Transit expansion dominates conference

Cost, resistance called top hurdles

October 26, 2006|BY A SUN REPORTER

The need for an improved regional transportation network --including a significant expansion of rapid transit -- looms as perhaps the biggest challenge to the growth expected in Maryland's economy from realignment of the nation's military bases, state and county officials said yesterday.

Two issues stand in the way of improving the transportation system, officials at a regional conference in Ellicott City said: a cost that could run into the billions of dollars and public resistance to mass transit projects.

But David S. Iannucci, executive director of the Baltimore County Department of Economic Development, told the group of about 200 at Turf Valley Conference Center in Ellicott City that he senses a shift in that attitude.

"I've seen the mass transit issue move into different communities where you would not normally expect it," he said. "I think we're on the verge of a major consensus in the Baltimore metropolitan area that we are demanding and deserving of a world-class, first-class transportation system."

The symposium, which featured county and state officials, and representatives of the real estate industry, focused on ramifications of the Base Realignment and Closure, or BRAC, a consolidation of the county's military bases, that will become effective in 2011.

Those changes are projected by economic development officials to bring 11,000 jobs to Fort Meade and the Aberdeen Proving Ground over the next decade.

Aris Melissaratos, secretary of the Maryland Department of Business and Economic Development, said that when defense contractors, retail and other services expand to serve that growth, new jobs in Maryland could swell by 40,000 to 60,000.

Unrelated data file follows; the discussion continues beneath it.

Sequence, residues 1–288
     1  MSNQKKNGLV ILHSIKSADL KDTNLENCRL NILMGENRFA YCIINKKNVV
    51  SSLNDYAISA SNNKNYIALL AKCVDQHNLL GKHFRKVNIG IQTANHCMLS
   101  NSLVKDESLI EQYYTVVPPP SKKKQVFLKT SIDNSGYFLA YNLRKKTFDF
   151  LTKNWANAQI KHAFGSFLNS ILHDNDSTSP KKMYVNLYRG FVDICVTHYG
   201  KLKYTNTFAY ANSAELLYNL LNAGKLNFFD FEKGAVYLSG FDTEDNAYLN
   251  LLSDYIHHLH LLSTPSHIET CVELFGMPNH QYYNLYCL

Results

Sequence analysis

The number of new jobs will be much larger than the number of people who move to Maryland because of BRAC, several officials said, since people already in the state may fill some of those new jobs.

"We're really talking about jobs, not necessarily people," said Joseph W. Rutter Jr., director of the Anne Arundel County Office of Planning and Zoning. "Many of the residents already live here."

The population is projected to grow, and communities must be prepared, officials said.

Officials yesterday said that they do not expect an overall housing shortage, but acknowledged the need to provide homes to low- and middle-income earners.

"Everyone wants jobs, but not everyone wants residential growth," said Marsha S. McLaughlin, director of the Howard County Department of Planning and Zoning.

The need could be met in part by permitting higher housing density in some areas, though she said that often is "a hard sell" to the public.

But transportation dominated the conference, as it had in other discussions about BRAC. Earlier this month, for example, a report by a transit alliance of the Greater Baltimore Committee urged an expansion of regional bus and rail lines.

Officials at yesterday's symposium said there is a "critical need" to expand the current system and to push for mass transit that could link the Washington-Baltimore corridor.

"Clearly, there are not enough dollars," McLaughlin said.

She wondered whether new or higher taxes will be needed to help finance transportation needs -- a sensitive topic, especially with the general election less than two weeks away.

"Politicians like to be elected and re-elected, and talk about taxes doesn't get you there," Melissaratos said.

He acknowledged, however, that "the hunger for transportation is greater than the current funds will allow ... We need to have a transportation vision."

Yesterday's conference was sponsored by the law firm of Miles & Stockbridge, in cooperation with the Economic Alliance of Greater Baltimore.

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